Percent for the art
Singapore, 1st August 2014
Australia has a Percent for the Art scheme that require any developer, whether private or government, to spend a percentage of the development costs on art. The policy requires the developers to allocate 1 percent of the construction costs above $2 million to be spent on developing exciting artworks on public buildings, schools, public infrastructure etc. The thought behind is twofold, not only does it stimulate and support the local artists but it also enhances the built environment with nice artworks.
We have been involved with these schemes through our relationship with artists notably and one such project was recently commissioned. We received the official photography a few days ago and being the end of this week I thought of sharing this with you. For this project we worked together with Rick Vermey, a well-known and established visual artist in Western Australia. The brief that Rick received was to develop an artwork that would enhance and create some buzz on two, otherwise pretty nondescript, sound walls, that were being built to screen off the adjacent residential area as part of major road reconstructions.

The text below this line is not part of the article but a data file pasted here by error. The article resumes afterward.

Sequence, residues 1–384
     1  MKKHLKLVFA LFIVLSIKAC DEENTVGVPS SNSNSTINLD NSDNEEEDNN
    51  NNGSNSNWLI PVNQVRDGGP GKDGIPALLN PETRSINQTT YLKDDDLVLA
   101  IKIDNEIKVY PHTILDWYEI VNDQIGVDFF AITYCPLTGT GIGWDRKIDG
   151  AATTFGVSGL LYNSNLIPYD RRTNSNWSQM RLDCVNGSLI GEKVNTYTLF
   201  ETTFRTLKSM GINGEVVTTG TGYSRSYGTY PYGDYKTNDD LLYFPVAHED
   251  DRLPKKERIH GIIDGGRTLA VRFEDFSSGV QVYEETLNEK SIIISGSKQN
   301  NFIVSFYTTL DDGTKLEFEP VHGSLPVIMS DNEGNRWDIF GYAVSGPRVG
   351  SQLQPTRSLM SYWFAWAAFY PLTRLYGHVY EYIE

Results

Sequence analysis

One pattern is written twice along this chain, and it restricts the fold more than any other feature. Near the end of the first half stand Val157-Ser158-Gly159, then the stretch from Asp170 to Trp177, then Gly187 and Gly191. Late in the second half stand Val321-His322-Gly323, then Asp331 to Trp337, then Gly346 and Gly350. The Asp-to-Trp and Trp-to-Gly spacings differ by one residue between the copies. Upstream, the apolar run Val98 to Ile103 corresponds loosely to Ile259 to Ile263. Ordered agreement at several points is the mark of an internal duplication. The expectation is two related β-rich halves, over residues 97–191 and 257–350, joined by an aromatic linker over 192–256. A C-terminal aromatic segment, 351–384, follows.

As Rick developed his idea of using graphically perforated steel to depict locally relevant imagery this quickly fermented into the use of lighting as a major element in the artwork. Rick and I, who know each other from other successful collaborations in the past, sat down to develop a lighting concept that would not only validate and enhance the artwork to greater heights, but in the process also stringently keep an eye on road and public safety. The result is a lighting design with amazing visual effects which brings an element of pleasance and peacefulness in an otherwise nondescript amenity wall.
While initially designed to be just a white backlight, the client became excited about the prospect of using colours after seeing one of our demonstartions and subsequently the budget was increased to allow for full DMX controlled lighting effects. A colour scheme was developed in respect to the local indigenous calendar where 6 different colours represent the 6 different seasons of the Nnoongar people. To further assure public safety we designed the timing of the colour changes to fade gently with running times that runs exactly parallel to the traffic light stopping times. The result are some stunning images that have brought a sense of proudness to the local residents…I myself am very pleased with the end result which is a fine display of art and lighting combined with sustainable cutting edge lighting technology.
Light watch 5-127: Here are the images…have a great weekend!